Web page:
It’s one of the worst set of circumstances I continually find myself in.
It starts days, weeks, months before the actual test date. I hear about the date the first time: I either immediately forget it or write it down somewhere, then immediately forget it.
A month or two passes. The date draws closer. People start talking about it.
Suddenly it’s a week beforehand. I think of all the chapters I still need to cover. I stop thinking after coming up with four or five. The slightest bit of panic and anxiety sparks in my chest. Apprehension, dread. Am I gonna fuck this up like I did last time? I plug myself into video games or the internet or my cellphone and forget about it for a while.
Two or three days beforehand. The nervousness compels me to at least open something related to what I have to study. A textbook, a tutorial, a handout. My mind immediately hits the wall of this is boring as shit compared to split-pushing with Nature’s Prophet. My attention-span sheds a brief, but lovely light. More procrastinating.
The day before. Before the levels of anxiety and panic reach a critical threshold, my brain refuses to broach the subject of tomorrow’s assessment.
Suddenly it’s 21:00. I start thinking in military time: it’s easier that way to calculate the number of hours I have left.
Months of neglected work suddenly presents itself as a colossal, insurmountable mountain. I can’t just prioritize or some shit, everything is important. They could set a question on anything. Even narrowing it down to the fundamental concepts is futile because there’s a fucking dozen of them.
I’m still on campus and most people have left already. By the time it’s midnight, whatever place I’m in will be empty. Sometimes, if I’m lucky, a friend of mine will be cramming as well. However, they’ve either studied more or give less of a fuck, so they’ll often leave ‘early’.
Then I’m alone. I’ll have x amount of hours left. Time takes on a pragmatic, mechanistic nature. It’s no longer about night and day; it’s about how much I have left on the clock. Sleep is either completely neglected or allotted three hours somewhere down the line. I think I still have a chance, that if I focus and partition my time correctly I can study just enough to pull off something passable.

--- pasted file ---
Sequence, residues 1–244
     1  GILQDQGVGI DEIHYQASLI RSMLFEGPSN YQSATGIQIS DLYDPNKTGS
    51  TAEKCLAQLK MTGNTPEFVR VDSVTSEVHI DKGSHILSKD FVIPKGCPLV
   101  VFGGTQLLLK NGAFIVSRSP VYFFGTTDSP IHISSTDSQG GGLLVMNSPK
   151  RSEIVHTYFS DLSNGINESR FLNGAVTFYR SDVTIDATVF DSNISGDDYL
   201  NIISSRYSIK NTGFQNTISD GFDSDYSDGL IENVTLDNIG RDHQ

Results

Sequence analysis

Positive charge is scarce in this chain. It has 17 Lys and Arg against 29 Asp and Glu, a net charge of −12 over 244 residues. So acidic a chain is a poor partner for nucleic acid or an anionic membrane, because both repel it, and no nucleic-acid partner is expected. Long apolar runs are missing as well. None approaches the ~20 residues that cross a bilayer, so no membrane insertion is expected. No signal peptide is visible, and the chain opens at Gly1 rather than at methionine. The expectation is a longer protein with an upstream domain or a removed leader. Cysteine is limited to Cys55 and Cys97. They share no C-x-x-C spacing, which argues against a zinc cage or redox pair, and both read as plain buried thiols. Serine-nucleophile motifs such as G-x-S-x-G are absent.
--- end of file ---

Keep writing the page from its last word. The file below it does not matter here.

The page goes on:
The air-conditioning in the IT lab or the student center of wherever the fuck I am has chilled the place to arctic temperatures by now. My joints ache from the cold.
That illusion fades rather quickly, unfortunately. Spending months not studying doesn’t suddenly give me razor-sharp focus and Herculean willpower when I’m on a caffeine comedown and being weighed down by anxiety and dread at three in the morning.
I’ll usually have given up before dawn. Three hours of sleep turns into five. I’ll wake up with an hour or two to spare before the test.
Apathy sets in. The internal monologue feigns indifference to assuage disappointment. Doing well on a test starts months beforehand; there’s nothing you can do now. Take the hit, learn from your mistake and move on.
But I never learn from my mistake. And that’s why I’m sitting here.
Well, not really. In the case of the anatomy test I’m writing in 14 hours, I have been working on this for months. I know things reasonably well. It’d be perfectly adequate for the average person.
Except the idea of being average is fucking reprehensible to me.